Considering recreational catch and harvest in fisheries management at the bio-regional scale

Romy Greiner, Daniel Gregg

    Research output: Contribution to journalArticlepeer-review


    The Gulf of Carpentaria in northern Australia supports several commercial fisheries and a largely tourist-based recreational fishery. The results of a survey of 427 recreational fishing parties visiting the main town, Karumba, between March and September 2006 were examined using the bootstrap method to estimate confidence intervals for mean tourist catch and harvest of grunter, Pomadasys kaakan (Cuvier), and other recreational target species. Tourist anglers harvested between 99.8 and 117 t of P. kaakan and 32.6-38.2 t of blue salmon, Eleutheronema tetradactylum (Shaw), during the survey period. Resident recreational anglers harvested an additional 15-35 t of P. kaakan, but very little E. tetradactylum. In comparison, commercial harvest was 19 t of P. kaakan and 64 t of E. tetradactylum in the whole of the Queensland section of the Gulf of Carpentaria. The results underscore the need for appropriately collected recreational fishing data to support integrated fisheries management at the bioregional scale, and in the case of angling-based tourist destinations, underpin a diversification of the tourist product.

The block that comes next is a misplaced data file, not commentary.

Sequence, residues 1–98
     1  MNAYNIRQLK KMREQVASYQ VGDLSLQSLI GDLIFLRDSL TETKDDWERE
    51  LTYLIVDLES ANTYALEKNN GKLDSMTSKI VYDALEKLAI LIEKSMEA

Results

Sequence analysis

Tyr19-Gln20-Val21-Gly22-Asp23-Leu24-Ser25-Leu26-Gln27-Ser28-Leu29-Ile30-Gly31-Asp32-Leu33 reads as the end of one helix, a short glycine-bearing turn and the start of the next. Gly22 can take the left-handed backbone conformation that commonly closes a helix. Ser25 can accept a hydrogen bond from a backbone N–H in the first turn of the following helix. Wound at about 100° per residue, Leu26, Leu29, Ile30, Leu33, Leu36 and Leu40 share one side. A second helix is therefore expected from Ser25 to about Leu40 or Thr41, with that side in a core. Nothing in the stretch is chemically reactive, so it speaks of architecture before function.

Original languageEnglish
    Pages (from-to)336-345
    Number of pages10
    JournalFisheries Management and Ecology
    Issue number4
    Publication statusPublished - Aug 2010


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